Domestic Violence Help and Resources

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By News Team on October 4, 2021

The COVID-19 pandemic has many side effects outside of the actual disease. For some, it has brought added stress caused by income loss, increased social isolation and instability—all of which can increase the potential for domestic violence.

If you’re in an unhealthy relationship, have been sexually assaulted or are experiencing abuse or neglect, it is important to seek help as soon as possible.

“Even if there aren’t any marks, or even if a person can’t remember all of the details of an attack, this shouldn’t stop a victim of domestic violence from coming to the emergency department,” says Leisa Yates, forensic nurse examiner for Carilion Clinic.

Dissociative amnesia, or memory loss, is common when a person blocks out certain information that is associated with a traumatic event. This can cause a victim to doubt themselves on whether an event really happened or how it happened. “As part of our exam, we provide patients with information on the neurobiology of trauma to help them better understand why they may not remember,” adds Yates.

Bruises and scars can be obvious signs of abuse, but Yates stresses that you don’t have to wait for marks to show up before coming to the hospital.

“Strangulation is something that we often see with domestic violence and sexual assault cases, however, that doesn’t always leave marks,” says Yates. “It is important that victims come to the emergency department as soon as possible because strangulation can cause internal and irreversible damage that only a CT scan could catch.”

Another reason why it is important to seek help immediately is because there is a limited amount of time to collect evidence.

“We only have 120 hours, or five days, to collect evidence for the Physical Evidence Recovery Kit (PERK),” says Yates. “Even if the person is not sure if they want to press charges, we can still do the kit, check and make sure that they don’t have injuries and submit it anonymously. For pregnancy prevention and sexually transmitted infection prophylaxis (medication to prevent infection), we only have 72 hours for those to be effective.”

The PERK kit is stored for two years and if the victim decides to move forward with pressing charges during that time frame, a police officer can file to pull the kit.

Domestic violence generally starts with smaller warning signs that build up to bigger events.

According to the National Domestic Violence Hotline, common signs of abusive behavior in a partner include:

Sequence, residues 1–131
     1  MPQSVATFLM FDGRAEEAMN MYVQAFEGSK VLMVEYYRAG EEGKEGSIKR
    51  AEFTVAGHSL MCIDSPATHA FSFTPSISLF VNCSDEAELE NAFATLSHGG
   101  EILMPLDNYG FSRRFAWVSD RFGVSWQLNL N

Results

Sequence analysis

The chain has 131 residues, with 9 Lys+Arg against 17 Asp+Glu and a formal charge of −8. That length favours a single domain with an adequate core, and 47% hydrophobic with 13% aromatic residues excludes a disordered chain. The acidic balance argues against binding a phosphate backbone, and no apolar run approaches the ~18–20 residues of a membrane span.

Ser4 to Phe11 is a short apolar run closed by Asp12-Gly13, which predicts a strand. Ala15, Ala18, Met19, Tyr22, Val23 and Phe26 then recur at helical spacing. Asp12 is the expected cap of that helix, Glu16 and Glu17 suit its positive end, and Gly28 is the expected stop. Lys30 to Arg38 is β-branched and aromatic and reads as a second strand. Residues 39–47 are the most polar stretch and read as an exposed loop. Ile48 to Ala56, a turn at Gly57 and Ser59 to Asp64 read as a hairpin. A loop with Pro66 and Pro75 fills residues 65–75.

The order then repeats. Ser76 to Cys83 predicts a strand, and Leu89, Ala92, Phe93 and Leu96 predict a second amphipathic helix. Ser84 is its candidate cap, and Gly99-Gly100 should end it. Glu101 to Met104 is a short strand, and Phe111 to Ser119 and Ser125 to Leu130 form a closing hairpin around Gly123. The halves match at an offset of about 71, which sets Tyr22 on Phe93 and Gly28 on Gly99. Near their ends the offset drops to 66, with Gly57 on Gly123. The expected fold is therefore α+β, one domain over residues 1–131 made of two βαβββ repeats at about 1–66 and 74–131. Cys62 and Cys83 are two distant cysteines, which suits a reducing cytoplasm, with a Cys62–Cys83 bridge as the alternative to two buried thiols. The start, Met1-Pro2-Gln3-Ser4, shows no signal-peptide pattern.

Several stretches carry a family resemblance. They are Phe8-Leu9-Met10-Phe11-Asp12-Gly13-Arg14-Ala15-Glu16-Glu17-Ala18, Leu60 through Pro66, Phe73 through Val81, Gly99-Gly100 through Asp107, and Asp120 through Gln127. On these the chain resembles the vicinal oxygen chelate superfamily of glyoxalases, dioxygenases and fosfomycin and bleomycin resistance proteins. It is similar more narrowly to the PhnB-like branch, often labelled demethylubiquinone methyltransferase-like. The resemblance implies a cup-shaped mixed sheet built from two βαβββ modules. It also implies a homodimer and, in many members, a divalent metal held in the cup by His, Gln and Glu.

• Telling you that you never do anything right.
  • Showing extreme jealousy of your friends or time spent away from them.
  • Preventing or discouraging you from spending time with friends, family or peers.
  • Insulting, demeaning or shaming you, especially in front of other people.
  • Preventing you from making your own decisions, including about working or attending school.
  • Controlling finances in the household without discussion, including taking your money or refusing to provide money for necessary expenses.
  • Pressuring you to have sex or perform sexual acts you’re not comfortable with.
  • Pressuring you to use drugs or alcohol.
  • Intimidating you through threatening looks or actions.
  • Insulting your parenting or threatening to harm or take away your children or pets.
  • Intimidating you with weapons like guns, knives, bats or mace.
  • Destroying your belongings or your home.

At Carilion Clinic, forensic nurse examiners provide full exams, arrange counseling, photograph injuries as evidence, connect patients to resources and can help relocate patients to a safer place.

If you’re experiencing domestic violence, call 911 if you're in immediate danger or the National Domestic Violence Hotline (tambien en Espanol) at 1-800-799-7233 to find information on how to connect with local resources in your community.

More resources:

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CarilionClinic.org/safe | CarilionClinic.org/coronavirus | CarilionClinic.org/covid-19-vaccine
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